Currently, no live deer of any species, may be brought into Massachusetts for any purpose. This ban includes animals used in deer farming practices and those used seasonally for petting zoos or holiday displays.  Also, it is illegal for anyone to import, process or possess whole carcasses or parts of deer, elk, and moose (from wild or captive herds) from states and Canadian provinces where CWD has been detected.  The only exceptions to the regulations are meat that is deboned, cleaned skull caps, hides without the head, or a fixed taxidermy mount.

A nationwide effort is underway to prevent further spread of the disease. This effort includes collecting annual samples of deer tissue as part of ongoing monitoring and surveillance efforts and restricting the transport of potentially infected animals, carcasses or tissues.   We should be hearing any day now if sampling has determined if any CWD exists in the Massachusetts herd. As of this writing, MassWildlife has not released any preliminary late season or total bear hunting harvest results.  Some MassWildlife officials expect the final harvest to be around 230.   No deer harvest figures from the archery or shotgun seasons have been released yet either. Some information that I was able to get was from the shotgun season and only those that were checked in at the Western District Headquarters in Dalton.  Some of the larger bucks checked in were:  187 lb taken in Egremont by Kenneth Keefner,   185 lb taken in Becket by Peter Amuso, 180 lb taken in Windsor by Paul Keyper, 174 lb taken in Lanesborough by Patrick Malloy and 173 lb taken in Middlefield by Dave  Shorey. *****


This year’s Cheshire Rod & Gun Club Truckload of Goodies Raffle winners were:  First Prize – Truckload Winner – Greg B. of Pittsfield, 2nd Prize – 10 lbs Roast Beef & 1 Liter Captn Morgan – Bill Barry of Pittsfield, 3rd Prize – 10 lbs Fresh Ham and 1 ltr Jack Daniels – Fran Gwozdz of Cheshire, 4th Prize – 20 lbs Turkey and 1 Ltr of Wild Turkey – Frank Hiser of Lee, 5th Prize – 1 ltr of Kahula.- Dave Wandrei of Savoy.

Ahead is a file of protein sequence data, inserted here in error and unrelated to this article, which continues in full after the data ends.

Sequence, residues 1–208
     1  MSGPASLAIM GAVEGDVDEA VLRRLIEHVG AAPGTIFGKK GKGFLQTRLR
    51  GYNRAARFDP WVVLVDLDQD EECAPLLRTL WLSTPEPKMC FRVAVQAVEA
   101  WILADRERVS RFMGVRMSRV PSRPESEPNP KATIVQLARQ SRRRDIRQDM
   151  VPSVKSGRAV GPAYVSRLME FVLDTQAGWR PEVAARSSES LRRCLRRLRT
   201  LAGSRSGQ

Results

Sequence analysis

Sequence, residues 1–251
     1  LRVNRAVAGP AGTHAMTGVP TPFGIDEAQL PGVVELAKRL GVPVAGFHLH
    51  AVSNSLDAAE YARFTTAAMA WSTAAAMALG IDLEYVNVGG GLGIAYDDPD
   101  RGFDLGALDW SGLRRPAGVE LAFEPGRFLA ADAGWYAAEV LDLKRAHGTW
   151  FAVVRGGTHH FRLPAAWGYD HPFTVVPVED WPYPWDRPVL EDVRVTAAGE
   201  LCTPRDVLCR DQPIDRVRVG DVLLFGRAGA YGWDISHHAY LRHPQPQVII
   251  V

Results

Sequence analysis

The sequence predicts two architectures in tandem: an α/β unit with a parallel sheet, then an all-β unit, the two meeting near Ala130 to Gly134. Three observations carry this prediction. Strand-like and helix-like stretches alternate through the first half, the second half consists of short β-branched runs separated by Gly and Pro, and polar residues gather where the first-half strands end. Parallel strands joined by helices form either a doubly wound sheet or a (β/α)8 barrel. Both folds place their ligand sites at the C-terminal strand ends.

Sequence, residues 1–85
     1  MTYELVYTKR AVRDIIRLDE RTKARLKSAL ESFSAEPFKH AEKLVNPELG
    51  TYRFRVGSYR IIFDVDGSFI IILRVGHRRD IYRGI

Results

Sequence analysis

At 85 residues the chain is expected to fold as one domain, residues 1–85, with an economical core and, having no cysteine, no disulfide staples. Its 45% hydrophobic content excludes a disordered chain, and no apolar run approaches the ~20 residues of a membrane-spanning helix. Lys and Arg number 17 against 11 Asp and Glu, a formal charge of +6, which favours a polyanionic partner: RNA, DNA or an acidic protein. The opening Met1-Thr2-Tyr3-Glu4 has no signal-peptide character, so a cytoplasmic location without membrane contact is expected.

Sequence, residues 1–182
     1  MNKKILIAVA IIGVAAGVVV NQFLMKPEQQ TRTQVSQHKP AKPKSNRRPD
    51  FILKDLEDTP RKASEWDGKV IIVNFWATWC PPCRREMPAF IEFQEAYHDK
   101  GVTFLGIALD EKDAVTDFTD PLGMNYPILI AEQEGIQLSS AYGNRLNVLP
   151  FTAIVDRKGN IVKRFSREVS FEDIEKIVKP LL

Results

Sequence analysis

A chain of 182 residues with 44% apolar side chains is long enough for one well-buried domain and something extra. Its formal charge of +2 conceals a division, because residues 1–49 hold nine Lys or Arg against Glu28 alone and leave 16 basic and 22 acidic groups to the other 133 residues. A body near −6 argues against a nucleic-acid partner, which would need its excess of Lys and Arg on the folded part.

Incidentally, the CR&G indoor archery adult league starts on Tuesday, January 6 at 7 PM. for 12 weeks, and the youths start on Saturday, January 10 at 9 AM.  They need volunteers to assist with the youth league.  Any questions or if you wish to volunteer, call Dick S. at 413-663-8932.  *****


The Berkshire Beagle Club in Richmond will be having its 2015 Rabbit Hunt on Saturday, January 10. $10 per person and that includes a dinner.  Weigh-in by 4:00 PM.    Prizes go for the largest cottontail and snowshoe rabbit.  No hunting is allowed on the Beagle Club grounds.   To register or donate some raffle prizes contact  John Demary 413-441-2253 or 413-684-2228. ****

Happy New Year! Incidentally, if you plan to fish or hunt on New Year’s day, don’t forget to buy your hunting, fishing or sporting licenses.

Travis receives coveted Crooked Staff Award


In its December 11 meeting, the Taconic Chapter of Trout Unlimited presented William Travis of Pittsfield with its most prestigious award, the Crooked Staff Award.  This award is presented to the person who best exemplifies the ideals of TU, those being the conserving, protecting and restoring of North America’s coldwater fisheries and their watersheds.